Here is another example of a Gettier case taken from an actual occurrence. While in high school, a friend of mine named Pat threw a big party when his parents were out of town. His neighbor, a busy-body, took surveillance photos of the partying kids. Some of the pictures showed party-goers smoking on the side of the house. When Pat’s dad saw these pictures, he thought that he saw was a picture of kids smoking weed. Based on what he saw in the pictures, he had justification to believe that kids at the party were smoking weed.
His belief that kids were smoking weed at the party was, indeed, a true belief. However, the picture upon which this belief was based was actually a photo of kids smoking cigarettes. Pat’s dad had a justified and true belief. Pat’s dad did not, however, have knowledge. First, it seems that his belief was true because he was lucky. Second, if we imagine a close possible world where the camera used to take the pictures had a slightly better zoom lens or that the picture was taken from a better vantage point, it could be the case that the photo would show enough detail so that Pat’s dad could see that the pictures actually showed people smoking cigarettes. The belief that kids were smoking pot would still be true but Pat's dad would no longer believe it. The truth of the proposition stays the same but it is no longer believed! Because truth and belief do not covary across possible worlds, this is not a proper case of knowledge!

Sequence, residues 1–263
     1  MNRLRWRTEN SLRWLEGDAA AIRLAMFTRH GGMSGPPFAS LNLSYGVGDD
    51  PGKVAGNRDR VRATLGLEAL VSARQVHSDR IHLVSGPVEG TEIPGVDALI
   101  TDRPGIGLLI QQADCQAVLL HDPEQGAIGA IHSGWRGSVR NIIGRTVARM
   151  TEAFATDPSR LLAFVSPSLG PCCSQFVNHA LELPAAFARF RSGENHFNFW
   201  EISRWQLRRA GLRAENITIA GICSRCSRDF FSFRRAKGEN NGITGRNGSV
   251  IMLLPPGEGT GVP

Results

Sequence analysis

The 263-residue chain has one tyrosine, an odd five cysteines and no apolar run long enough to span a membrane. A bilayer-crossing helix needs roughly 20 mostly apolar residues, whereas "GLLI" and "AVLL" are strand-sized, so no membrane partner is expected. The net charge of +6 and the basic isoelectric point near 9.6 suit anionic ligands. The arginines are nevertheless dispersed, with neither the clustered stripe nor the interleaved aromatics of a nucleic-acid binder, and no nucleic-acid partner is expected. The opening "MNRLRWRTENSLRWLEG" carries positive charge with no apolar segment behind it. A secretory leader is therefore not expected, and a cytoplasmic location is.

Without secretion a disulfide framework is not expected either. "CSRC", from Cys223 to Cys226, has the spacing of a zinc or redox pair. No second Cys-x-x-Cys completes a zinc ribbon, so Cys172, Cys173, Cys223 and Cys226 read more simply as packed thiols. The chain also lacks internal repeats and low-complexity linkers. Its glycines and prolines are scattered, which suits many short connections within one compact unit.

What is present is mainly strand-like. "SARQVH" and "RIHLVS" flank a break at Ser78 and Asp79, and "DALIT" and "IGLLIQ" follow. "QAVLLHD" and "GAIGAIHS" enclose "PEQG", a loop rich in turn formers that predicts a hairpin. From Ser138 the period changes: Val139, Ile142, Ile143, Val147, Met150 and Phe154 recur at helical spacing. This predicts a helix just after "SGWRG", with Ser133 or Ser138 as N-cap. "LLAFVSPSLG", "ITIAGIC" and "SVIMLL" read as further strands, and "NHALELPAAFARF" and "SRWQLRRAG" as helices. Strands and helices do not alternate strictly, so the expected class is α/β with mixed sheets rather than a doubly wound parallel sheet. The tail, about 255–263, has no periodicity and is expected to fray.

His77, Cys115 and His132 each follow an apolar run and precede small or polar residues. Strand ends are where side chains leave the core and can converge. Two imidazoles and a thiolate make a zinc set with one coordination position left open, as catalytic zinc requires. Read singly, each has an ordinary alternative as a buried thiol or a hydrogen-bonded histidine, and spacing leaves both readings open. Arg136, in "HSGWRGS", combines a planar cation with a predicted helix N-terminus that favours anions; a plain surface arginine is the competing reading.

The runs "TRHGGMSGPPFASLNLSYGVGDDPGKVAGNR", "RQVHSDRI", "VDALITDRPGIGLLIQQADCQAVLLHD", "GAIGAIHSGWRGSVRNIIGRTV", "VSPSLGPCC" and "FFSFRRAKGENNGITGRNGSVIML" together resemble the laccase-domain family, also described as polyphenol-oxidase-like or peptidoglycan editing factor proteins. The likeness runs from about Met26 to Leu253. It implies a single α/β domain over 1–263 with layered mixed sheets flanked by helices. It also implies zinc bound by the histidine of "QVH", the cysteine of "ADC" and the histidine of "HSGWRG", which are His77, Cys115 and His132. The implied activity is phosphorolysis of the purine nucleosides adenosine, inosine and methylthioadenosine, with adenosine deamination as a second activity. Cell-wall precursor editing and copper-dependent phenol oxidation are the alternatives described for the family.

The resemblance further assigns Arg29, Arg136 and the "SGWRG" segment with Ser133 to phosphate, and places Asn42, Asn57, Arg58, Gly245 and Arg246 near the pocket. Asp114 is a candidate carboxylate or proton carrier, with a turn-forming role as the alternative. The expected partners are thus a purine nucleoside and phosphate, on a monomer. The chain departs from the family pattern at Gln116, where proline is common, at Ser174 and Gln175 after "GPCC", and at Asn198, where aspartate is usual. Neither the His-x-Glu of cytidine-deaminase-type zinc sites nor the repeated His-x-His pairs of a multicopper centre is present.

One may argue that in this case, Pat’s dad did not have justification for his belief that kids at the party were smoking weed. Indeed, the justification condition for knowledge is the most controversial and is difficult to agree upon. However, if Pat’s dad’s belief was unjustified, this does not disprove Gettier’s main point. All we have to acknowledge is that there are cases where one can have a justified and true belief that is not knowledge.
Imagine, for example, that instead of smoking cigarettes, the people in the photo were smoking tobacco out of a large water bong. In this case, it would seem that Pat’s dad had really good justification to believe that kids were smoking pot at the party (it is very rare for someone to smoke tobacco out of a bong!). In this case, Pat’s dad has a justified true belief that is not knowledge. His belief is true because he happened to be lucky! Gettier thinks that this means that Pat's dad's belief is not knowledge.